The Bank of England has lent nearly £2 billion to some of Britain’s biggest airlines and paid £1 billion to a German chemicals giant as part of its emergency pandemic funding, it has been revealed.
Ryanair and easyJet have won loans of £600 million each, with BA owner IAG and Wizz Air both accessing £300 million, raising concerns from environmental campaigners who want the loans to come with strings attached.
The central bank revealed 53 businesses had borrowed a total of £16.25 billion under the scheme, as it published a full list of all borrowers on Thursday.
Other familiar names include Asos, Nissan, John Lewis, G4S and Tottenham Hotspur.
The north London football club is the only team to use the loan scheme and the move follows criticism earlier this year when bosses initially said they would be using the Government furlough scheme for non-playing staff.
Analysis from the High Pay Centre shows that chief executives of the 13 FTSE 100 and FTSE 250 companies on the list were paid a combined £36 million in total last year – an average of £2.8 million.
Rolls-Royce was revealed to have taken a £300 million loan from the Bank just a month after the engine maker said it was cutting at least 9,000 jobs.
Its annual report shows that chief executive Warren East was paid £3.2 million in total pay last year, including £2 million in annual bonus and long-term incentive scheme shares.
It raised questions from campaigners about what companies the authorities should be propping up, and what it should expect in return.
“Many of these companies have a poor record in terms of excessive executive pay at the top, poverty wages for their wider workforce and unsustainable environmental practices,” said Luke Hildyard at the High Pay Centre.
He added: “It’s senseless for public bodies to prop up businesses without securing commitments to act in the public interest. If we want to build back better, with a more resilient economic model, a more united society and a more sustainable approach to the environment then bailouts and Government loans need to be deployed more thoughtfully.”
The biggest single loan, £1 billion, has gone to German company BASF – the world’s largest chemicals producer.
The chief executive of Rentokill, whose business has borrowed £600 million from the scheme, was handed £4.6 million in total pay last year. This included a £3.6 million annual bonus and share incentive.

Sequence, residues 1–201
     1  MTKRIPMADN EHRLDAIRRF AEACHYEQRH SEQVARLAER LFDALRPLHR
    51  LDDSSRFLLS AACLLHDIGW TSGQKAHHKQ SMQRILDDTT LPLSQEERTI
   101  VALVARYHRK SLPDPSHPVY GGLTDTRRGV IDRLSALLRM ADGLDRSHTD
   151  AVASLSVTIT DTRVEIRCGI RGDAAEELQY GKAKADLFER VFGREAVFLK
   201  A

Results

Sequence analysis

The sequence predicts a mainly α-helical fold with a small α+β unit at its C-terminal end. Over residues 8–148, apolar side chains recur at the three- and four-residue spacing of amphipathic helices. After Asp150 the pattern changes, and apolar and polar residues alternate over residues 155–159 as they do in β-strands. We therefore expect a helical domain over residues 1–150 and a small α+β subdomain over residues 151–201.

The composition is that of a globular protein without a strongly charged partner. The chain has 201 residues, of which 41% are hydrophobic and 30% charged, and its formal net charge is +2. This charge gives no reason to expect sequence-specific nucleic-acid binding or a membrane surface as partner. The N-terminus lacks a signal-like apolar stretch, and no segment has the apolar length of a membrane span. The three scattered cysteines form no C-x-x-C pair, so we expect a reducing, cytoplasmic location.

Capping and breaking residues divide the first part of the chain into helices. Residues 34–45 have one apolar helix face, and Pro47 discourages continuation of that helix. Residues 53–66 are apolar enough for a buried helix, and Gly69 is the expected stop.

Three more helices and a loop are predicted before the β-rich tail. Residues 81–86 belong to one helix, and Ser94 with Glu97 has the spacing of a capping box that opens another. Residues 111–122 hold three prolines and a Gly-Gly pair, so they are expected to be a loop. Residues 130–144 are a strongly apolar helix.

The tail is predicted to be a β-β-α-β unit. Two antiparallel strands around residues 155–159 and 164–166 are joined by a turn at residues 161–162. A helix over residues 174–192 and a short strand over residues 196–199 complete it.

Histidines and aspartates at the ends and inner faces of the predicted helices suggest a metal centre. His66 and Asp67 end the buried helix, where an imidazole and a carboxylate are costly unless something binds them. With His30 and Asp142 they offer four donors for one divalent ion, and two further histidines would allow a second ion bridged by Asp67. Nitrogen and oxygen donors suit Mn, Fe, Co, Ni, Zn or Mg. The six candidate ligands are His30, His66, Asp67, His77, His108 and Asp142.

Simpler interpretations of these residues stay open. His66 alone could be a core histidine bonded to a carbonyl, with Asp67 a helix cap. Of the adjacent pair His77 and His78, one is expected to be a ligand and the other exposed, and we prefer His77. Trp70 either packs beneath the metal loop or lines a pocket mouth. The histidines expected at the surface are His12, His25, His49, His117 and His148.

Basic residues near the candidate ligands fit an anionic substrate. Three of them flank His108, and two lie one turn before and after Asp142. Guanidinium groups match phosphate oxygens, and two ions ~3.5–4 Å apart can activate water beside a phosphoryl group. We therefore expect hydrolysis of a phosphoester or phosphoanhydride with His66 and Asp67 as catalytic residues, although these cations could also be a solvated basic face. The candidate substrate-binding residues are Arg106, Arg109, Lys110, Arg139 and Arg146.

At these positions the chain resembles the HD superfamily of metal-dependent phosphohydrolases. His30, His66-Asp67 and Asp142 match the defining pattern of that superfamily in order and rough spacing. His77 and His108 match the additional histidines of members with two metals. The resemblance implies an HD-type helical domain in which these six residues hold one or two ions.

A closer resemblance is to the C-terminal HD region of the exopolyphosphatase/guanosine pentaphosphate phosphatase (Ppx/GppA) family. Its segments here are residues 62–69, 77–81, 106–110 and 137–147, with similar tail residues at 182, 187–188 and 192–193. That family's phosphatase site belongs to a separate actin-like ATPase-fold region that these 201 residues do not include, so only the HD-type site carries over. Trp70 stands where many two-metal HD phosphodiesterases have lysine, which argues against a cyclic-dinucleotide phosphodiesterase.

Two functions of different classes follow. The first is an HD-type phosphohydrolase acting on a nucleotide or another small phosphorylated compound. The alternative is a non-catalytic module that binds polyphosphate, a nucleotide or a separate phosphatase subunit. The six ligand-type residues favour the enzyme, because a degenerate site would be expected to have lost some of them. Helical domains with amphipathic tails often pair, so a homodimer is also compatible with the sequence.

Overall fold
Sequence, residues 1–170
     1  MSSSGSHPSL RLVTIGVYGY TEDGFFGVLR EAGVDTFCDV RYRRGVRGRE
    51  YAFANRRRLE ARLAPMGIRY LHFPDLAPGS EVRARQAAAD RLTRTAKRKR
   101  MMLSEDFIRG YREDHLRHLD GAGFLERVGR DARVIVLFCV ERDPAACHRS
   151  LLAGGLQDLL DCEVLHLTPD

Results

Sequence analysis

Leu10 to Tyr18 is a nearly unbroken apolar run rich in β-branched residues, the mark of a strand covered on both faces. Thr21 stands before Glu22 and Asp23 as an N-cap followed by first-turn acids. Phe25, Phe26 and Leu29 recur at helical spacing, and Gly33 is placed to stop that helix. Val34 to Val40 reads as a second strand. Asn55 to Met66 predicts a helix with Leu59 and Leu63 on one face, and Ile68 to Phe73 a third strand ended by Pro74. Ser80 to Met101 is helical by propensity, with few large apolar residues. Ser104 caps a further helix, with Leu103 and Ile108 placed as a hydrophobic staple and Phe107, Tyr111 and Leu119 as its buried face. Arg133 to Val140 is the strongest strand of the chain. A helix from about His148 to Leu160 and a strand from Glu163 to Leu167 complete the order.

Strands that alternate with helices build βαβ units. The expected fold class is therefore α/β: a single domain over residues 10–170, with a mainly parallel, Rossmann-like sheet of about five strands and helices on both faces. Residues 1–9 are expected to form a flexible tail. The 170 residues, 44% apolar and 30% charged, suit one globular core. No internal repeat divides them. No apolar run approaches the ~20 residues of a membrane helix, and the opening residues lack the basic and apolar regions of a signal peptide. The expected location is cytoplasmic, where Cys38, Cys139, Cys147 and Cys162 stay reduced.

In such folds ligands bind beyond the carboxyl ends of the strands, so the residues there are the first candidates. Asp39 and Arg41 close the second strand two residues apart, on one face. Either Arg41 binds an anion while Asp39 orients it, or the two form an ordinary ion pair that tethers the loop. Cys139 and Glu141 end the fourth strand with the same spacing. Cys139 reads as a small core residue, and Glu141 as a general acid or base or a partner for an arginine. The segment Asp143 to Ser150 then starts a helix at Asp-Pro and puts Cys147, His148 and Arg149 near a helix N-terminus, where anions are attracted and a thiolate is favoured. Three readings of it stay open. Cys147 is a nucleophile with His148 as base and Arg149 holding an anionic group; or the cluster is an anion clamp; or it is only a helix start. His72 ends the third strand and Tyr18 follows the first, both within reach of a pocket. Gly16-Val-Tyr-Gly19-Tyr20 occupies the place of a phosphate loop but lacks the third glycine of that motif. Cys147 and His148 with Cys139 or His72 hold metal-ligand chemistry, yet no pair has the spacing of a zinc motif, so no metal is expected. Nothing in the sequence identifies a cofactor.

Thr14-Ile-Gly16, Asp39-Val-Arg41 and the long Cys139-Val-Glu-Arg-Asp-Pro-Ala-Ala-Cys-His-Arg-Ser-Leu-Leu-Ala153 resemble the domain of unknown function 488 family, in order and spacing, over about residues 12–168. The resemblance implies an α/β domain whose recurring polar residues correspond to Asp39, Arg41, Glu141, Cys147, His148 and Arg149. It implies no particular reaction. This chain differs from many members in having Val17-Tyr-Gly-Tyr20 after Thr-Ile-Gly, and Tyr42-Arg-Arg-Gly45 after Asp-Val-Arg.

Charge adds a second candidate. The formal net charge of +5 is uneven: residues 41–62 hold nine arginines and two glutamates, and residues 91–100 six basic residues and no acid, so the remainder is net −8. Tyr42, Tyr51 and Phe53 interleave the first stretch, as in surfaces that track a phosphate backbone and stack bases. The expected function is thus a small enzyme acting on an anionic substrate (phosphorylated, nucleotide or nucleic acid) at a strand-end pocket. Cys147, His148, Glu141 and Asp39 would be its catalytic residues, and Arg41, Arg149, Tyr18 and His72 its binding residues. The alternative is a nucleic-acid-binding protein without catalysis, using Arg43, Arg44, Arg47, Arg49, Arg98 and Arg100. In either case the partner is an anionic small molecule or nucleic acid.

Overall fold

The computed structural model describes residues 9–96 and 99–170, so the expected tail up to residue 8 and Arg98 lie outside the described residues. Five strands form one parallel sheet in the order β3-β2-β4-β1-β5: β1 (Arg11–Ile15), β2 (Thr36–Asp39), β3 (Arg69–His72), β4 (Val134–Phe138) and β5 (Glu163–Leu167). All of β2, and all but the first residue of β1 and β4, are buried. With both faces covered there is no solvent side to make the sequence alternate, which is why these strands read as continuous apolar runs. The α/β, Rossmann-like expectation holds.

The list also includes defence company Chemring and paint giant Akzo Nobel.
On Wednesday environmental group ClientEarth called on the Government not to back loans to companies without putting emissions criteria in place.
Greenpeace climate campaigner Fiona Nicholls said: “Airlines have been given exactly what the Chancellor, the Prime Minister, economists and the public said they should not be given – billions in cheap and easy loans to keep them polluting, without any commitments to reduce their emissions or even keep their workers on the payroll.
“Today we’ve learned that cruise lines, pesticides and car companies have received similar largesse. We should see a lot more public benefit from all this public money.”
ClientEarth chief executive James Thornton said: “It appears the peak of the virus has passed for now, but we simply cannot put on hold our response to climate change while we deal with the pandemic.
“On the contrary, the recovery allows the Government to kick-start the UK’s economy in a way which ensures long-term resilience and a more fair and just transition to a net zero economy.”
The Bank of England’s Covid Corporate Financing Facility (CCFF) was set up to help larger businesses with credit scores through the pandemic.
It complements three other loan support schemes, where the loans are provided by high street lenders, and guaranteed by the Government.
Even before the list was published, Dame Margaret Hodge, a Labour MP and former chair of the Public Accounts Committee, had called on the Government to publish even more data on other loan schemes.
She also said that the Government should not lend to companies who might not be paying their fair share of tax.
“While for many these schemes will be a financial lifeline, for unscrupulous corporations they will be viewed as easy pickings,” she wrote in a letter to chancellor Rishi Sunak.